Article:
Because it’s where I live, it surrounds me. I never recognized it until when I was teaching. The school (Serra High School) was windowless, climate-controlled, and I was giving this brilliant lecture. Half the class was probably asleep. And I look in the back, and it was the only door in the school that opens outdoors. It was a November morning, one of those Santa Ana winds coming through. And this giant sycamore leaf came spinning in the door. I just stopped my lecture, and dropped my books and notes and said: We’re outta here. I took the students outside, took a hike out in nature. Everybody got dirty, the girls got mad at me, I didn’t have permission slips — it was the best thing that ever happened to me. I was looking around, I knew the birds, I didn’t know the plants. I started to learn about what was there, and I just fell in love with that environment. It just happened to be chaparral. … But it’s described as this evil brush. If anything drives me, it’s trying to rectify injustices. What motivates me is that it just isn’t right for people to demonize [chaparral].
How do you think it’s demonized?
Outside of me, and maybe a few of my converts, I challenge you to find anything halfway neutral about chaparral. It’s always “decadent brush” or “shrub-choked canyons.” I can find a thousand references to beautiful forests, but you just aren’t going to find it for chaparral. People are terrified of it because the fires. When you read fire-management plans, one of the goals is to reduce brush-covered lands. Can you imagine people saying that about a forest? Cut down the trees, they’re clogging the view and causing fire hazards? People don’t get it. That’s what the system is here.
You’ve pushed to reclassify four local national forests as chaparral recreation areas. Tell me about that.
Think about what’s happened to the landscape in the last hundred years. A lot of pristine places have been paved over. Now just think about the next hundred. Have we had a conversation about that? Because unless we do, a lot of these national parks are going to be like Central Park in the middle of New York City. I don’t think that’s an environment we want to create. So the idea is recognizing these forests for what they are, reexamining how we see the natural landscape and deciding how we want to set up the future.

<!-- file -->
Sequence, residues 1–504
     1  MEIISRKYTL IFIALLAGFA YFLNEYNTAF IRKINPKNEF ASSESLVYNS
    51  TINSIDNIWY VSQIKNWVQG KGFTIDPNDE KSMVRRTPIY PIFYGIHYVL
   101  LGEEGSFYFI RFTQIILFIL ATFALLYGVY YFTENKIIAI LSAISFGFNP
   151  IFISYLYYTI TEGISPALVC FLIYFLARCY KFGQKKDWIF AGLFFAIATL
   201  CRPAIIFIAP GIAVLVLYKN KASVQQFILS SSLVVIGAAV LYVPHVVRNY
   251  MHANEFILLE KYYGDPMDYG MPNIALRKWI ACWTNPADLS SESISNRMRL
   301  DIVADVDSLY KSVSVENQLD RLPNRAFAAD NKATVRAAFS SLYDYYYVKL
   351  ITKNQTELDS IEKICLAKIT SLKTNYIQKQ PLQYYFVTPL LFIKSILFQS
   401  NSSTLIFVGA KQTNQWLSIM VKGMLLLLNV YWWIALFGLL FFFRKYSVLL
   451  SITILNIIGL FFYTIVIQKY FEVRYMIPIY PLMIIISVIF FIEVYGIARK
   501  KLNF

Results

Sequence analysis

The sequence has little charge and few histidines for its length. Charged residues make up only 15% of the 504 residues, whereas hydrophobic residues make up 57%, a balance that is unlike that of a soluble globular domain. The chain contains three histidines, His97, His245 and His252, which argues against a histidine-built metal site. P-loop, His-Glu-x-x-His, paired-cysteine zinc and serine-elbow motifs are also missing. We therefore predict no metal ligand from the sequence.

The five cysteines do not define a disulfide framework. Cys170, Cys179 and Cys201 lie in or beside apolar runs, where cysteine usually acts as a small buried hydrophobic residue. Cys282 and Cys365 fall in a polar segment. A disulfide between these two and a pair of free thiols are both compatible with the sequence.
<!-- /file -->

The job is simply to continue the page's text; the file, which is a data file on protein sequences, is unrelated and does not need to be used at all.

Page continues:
You brought up the idea of reconnecting the population to nature. Some might think that’d be building a house out in the middle of nowhere in a landscape prone to fire. That’s increasingly happening throughout the West.
That’s why we have to have the conversation about what we want a hundred years from now. We have to realize we can’t do that anymore. That’s going to be a problem because of private property rights. That’s why no politician in his right mind is going to say that house on that hill — like the one in the Esperanza fire in Riverside County that killed five firefighters — that should never have been built. And if you build there, we’re not going to provide fire protection. But the more development that occurs in those areas, the more firefighters we’re going to kill. It’s not the natural landscape’s fault. It’s our fault, for infringing upon the system.
Interesting choice of words: We’re going to kill firefighters, not that firefighters are going to die. We’re complicit?
In everything that came out of the Esperanza fire, every one of them says: The firefighters shouldn’t have gone there, they didn’t have the maps, the firefighter culture is that they take more risks than necessary — and what do you expect? But when an airplane crashes, they don’t write volumes about how stupid the pilot was. They say: How are we going to prevent this from happening? How are we going to create the environment in the cockpit where when they make a mistake it doesn’t kill them? Not one of those reports ever questioned why that house was there. It wasn’t the firefighters’ fault. They didn’t want to die. That’s not why they went there. They went there to protect a home that shouldn’t have been there.
It just really bothers me that people don’t understand fire, and they live in basically the most fire-prone environment on the planet. It’s like: You’re on a boat, and you don’t know how to put your life preserver on?
— Interview by ROB DAVIS